Instead of jumping right into recounting plot details and writing a few puff-piece words about the careers of actor Jon Hamm, writer Tony Gilroy, or director Brad Anderson, I’ll instead lead off by pointing to Beirut’s trailer, which has incited a lot of (rightful) anger about its portrayal of the Lebanese Civil War, the conflict used as the backdrop of the film.
Getting right into it. This trailer looks… not great, right? Brown people holding poor, innocent white people hostage in a foreign country with the film’s sole focus appearing to be how the Lebanese Civil War affects White Americans is not a great look. It’s the kind of film that would have been a dime-a-dozen in, say, 1991, which happens to be when Gilroy, now one of Hollywood’s top scribes, wrote the original draft of the screenplay. It’s a good indication of why the film feels a bit dated at a first glance.
In a New York Times article discussing the controversial trailer, Sopan Deb worries that the film “might reduce Lebanon’s complicated, sectarian civil war to a flashy backdrop for Mr. Hamm.” The good news is that he’s only half right—while the film does essentially use the city and Civil War a central backdrop for Jon Hamm’s widowed, alcoholic Mason Skiles, Gilroy and Anderson show an incredible amount of deftness, even-handedness, and understanding of the issues at play in Lebanon at the time rather than just making this another in a long line of generic Middle Eastern terrorist thrillers. It doesn’t fall prey to a reductionist portrayal of the Middle East in general and of the Lebanese Civil War more specifically. Rather, Beirut’s flaws reside in its use of tired tropes, a lazy plot and central character arc, and a failure to capitalize on the politics that the film sets up but does nothing with.
Hamm’s Skiles is a former US diplomat to Lebanon who retires after his wife and his adoptive son Karim are abducted by Karim’s brother, a PLO terrorist responsible in part for the Black September Munich massacre. After working for a decade mediating labor disputes back in the States, he is brought back into the fold when his former best friend, Cal, is kidnapped by a new terrorist cell that has taken hold in the city of Beirut, the capital and one of the hardest hit cities during the Lebanese Civil War. The kidnapper turns out to be Karim, and he asks for Skiles specifically to negotiate the deal and will only return Cal in exchange for Raffik, Karim’s brother and the man responsible for Skiles’s wife’s death.
Which is where the film’s stronger, and more nuanced elements lie—the Karim from the trailer appears to be a bloodthirsty terrorist who want to get his brother back to do more terrorist things. The film’s portrayal is far more subtle and sympathetic, showing that Karim is a man broken by never-ending violence that is partially the fault of his brother. Karim is a Palestinian refugee whose traumatic past haunts his every move, and his brother represents both the ability to fight back, but also the loss of the life he could have had as the son of a US diplomat. Idir Chende, the French actor portraying Karim, does an astonishing job of giving us all of these internal character struggles without voice over, monologuing or even saying a word. His struggle is all internal, rarely showing his hand except in brief solitary moments where he is allowed to show emotions.
The film also not only pays lip service to the War’s complexities, but shows us how the Lebanese people are victims of the Israeli-Palestinian conflict, with both sides using Beirut as a battleground to wage a proxy war. Beirut makes sure it is known that the Americans have blood on their hands as well, being more concerned about saving one intelligence agent who might compromise their operations then they are Israel, Syria, or other external parties from bombing the homes of innocent men, women, and children. The majority of these factions all view Lebanon, and Beirut by extension, as a warzone to “win,” not a place where people live. It shows us bombings and the immediate confused reactions by bystanders as to who is really behind them. Palestine? Israel? Syria? No one can be quite sure.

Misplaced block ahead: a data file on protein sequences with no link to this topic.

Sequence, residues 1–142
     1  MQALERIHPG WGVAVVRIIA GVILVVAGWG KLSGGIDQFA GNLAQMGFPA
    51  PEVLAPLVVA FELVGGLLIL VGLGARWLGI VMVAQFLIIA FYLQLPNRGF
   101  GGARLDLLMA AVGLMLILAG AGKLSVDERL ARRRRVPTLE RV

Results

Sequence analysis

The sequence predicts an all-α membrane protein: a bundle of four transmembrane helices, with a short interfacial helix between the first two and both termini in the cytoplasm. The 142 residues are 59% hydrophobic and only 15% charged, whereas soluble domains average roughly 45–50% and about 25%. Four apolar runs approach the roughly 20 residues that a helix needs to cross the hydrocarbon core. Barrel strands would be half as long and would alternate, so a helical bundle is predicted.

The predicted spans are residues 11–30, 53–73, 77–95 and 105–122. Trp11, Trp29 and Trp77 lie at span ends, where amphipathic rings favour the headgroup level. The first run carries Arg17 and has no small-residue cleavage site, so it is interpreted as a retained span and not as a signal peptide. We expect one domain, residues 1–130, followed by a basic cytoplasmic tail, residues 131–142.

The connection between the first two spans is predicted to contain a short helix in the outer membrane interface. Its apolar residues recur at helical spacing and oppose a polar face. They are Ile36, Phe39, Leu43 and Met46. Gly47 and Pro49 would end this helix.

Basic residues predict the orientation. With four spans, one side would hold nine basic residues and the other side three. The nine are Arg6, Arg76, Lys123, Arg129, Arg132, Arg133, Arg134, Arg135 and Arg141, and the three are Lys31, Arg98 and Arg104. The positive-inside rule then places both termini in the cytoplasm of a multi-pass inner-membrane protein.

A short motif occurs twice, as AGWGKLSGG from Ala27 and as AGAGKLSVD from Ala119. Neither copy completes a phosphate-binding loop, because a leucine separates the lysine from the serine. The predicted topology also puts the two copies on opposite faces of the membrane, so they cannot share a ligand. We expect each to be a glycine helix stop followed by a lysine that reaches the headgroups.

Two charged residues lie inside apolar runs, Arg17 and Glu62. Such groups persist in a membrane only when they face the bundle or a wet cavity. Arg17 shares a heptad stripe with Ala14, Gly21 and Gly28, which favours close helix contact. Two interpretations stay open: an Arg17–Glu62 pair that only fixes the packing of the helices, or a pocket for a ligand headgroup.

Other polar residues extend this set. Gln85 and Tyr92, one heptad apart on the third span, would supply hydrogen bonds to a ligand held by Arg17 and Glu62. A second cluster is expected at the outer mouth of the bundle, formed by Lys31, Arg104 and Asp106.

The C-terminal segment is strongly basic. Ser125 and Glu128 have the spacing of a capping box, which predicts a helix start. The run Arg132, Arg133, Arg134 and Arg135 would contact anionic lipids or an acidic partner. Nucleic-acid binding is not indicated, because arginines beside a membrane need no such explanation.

But the film never reconciles the vibrant and difficult setting with its staid, flat, and frankly boring central storyline about Skiles fighting his past and his addictions. You can see every aspect of Skiles’ story coming from a mile away, from the fridging of his wife to the struggling man and his alcoholism to his attempt at a “refusal of the call” to his eventual recovery to become a great diplomat and negotiator again. You can tell which US Embassy employees are going to turn into mustache twirling villains from the second you meet them, painting them as “bad apples” and seemingly letting America off the hook for their own involvement in the war. It’s textbook, predictable stuff that is even more disappointing given how well executed the elements on the periphery are.
In all, Beirut is a thoroughly “okay” potboiler that skillfully executes the film’s setting, but sadly the film lives and dies on the aspects in the margins. Hamm is flat and just looks tired of doing the same not-Don Draper performance for the nth time, and the film only comes alive when the focus expands beyond his character. It’s when the film focuses on Karim, or the surrounding war, or the equally complex Israeli-Palestinian conflict where the intensity ratchets up and there’s stakes that feel real and personal. Which begs the question: “who is this film for?” It’s too sympathetic in its portrayal of the foreign entities at hand to play to the “rah-rah” American dad-movie crowd, but it’s also too white-bread and safe to work as a proper indictment of colonization and rampant interventionism. It’s thoroughly middle of the road, with scenes of excellence wrapped like an elegant bow around a perfectly wrapped gift that turns out to be white tube socks.